Learning and development is gaining a higher profile on the corporateagenda, with 90 per cent of employers admitting that training impacts directlyon the bottom line, and three-quarters believing it should feature in theannual report. More than 1,300 public and private sector employers were polled in CranfieldSchool of Management’s latest Recruitment Confidence Index (RCI), a quarterlysurvey of expected recruitment activity developed with the Daily Telegraph andpublished in association with Personnel Today. The overwhelming majority of employers (91 per cent) predicted their skillneeds will change over the next two years, with 32 per cent describing theexpected changes as ‘major’. To address those needs, employers came out in favour of in-housedevelopment, and 77 per cent reported that the amount of training they offerwill increase over the next couple of years. The survey detected a growing relationship between training and recruitment,with two in three employers including the offer of development as part of theoverall reward and benefits packages they use to attract top talent. “Organisations have been left with no choice because the labour markethas become a lot tighter,” said Emma Parry, research fellow at CranfieldSchool of Management. “For the past five years, the RCI has shown thatorganisations have difficulty recruiting at middle and senior management level.The latest survey shows they are beginning to wake up to the importance oflearning and development.” Employees are taking a more strategic approach to development – andemployers are responding, according to Alison Hodgson, UK and Irelandresourcing manager for catering firm Sodexho. “All the focus groups we’ve done have shown the top two reasonsgraduates come to Sodexho are for career opportunities and learning anddevelopment, so we know it’s critical.” The RCI also found that 74 per cent of employers agreed that the investmentthey make in training staff should be included in their annual report. ShaunTyson, professor of HR at Cranfield, said: “The annual report is used as amarketing tool, so it’s not unusual for companies to comment on their trainingactivities.” But for reporting to be truly meaningful, it must go beyond the”generalised statements” that are all too often a feature of annualreports, says Tyson. “The question is, how appropriate is the training ordoes it meet some strategic need?” Other findings in the RCI surveyinclude: – While 93 per cent of organisations prefer using in-house, on-the-jobtraining, 72 per cent also use external suppliers – Only 29 per cent prefer e-learning, and 26 per cent distance learning – On average, the organisations surveyed spend 5 per cent of the pay bill ontraining. By Margaret Kubicek Comments are closed. Report confirms business case for learningOn 1 Jun 2004 in Personnel Today Previous Article Next Article Related posts:No related photos.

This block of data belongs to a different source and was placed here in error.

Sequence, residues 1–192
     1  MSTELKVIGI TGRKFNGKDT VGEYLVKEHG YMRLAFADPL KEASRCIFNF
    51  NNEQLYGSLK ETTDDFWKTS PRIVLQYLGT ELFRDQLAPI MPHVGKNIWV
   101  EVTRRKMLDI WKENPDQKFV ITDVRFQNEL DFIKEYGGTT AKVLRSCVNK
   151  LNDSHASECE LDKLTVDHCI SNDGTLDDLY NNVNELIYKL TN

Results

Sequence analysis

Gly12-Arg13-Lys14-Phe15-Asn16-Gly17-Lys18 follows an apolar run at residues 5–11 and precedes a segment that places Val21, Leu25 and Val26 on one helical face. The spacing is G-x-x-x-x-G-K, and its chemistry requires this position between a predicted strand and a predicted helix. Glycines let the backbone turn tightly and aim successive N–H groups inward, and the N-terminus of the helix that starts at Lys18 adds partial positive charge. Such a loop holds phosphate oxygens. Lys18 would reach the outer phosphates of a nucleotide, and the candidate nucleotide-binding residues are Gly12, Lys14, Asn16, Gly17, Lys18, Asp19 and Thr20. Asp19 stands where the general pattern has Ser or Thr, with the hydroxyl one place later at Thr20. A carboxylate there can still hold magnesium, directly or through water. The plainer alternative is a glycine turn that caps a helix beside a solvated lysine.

Report confirms business case for learning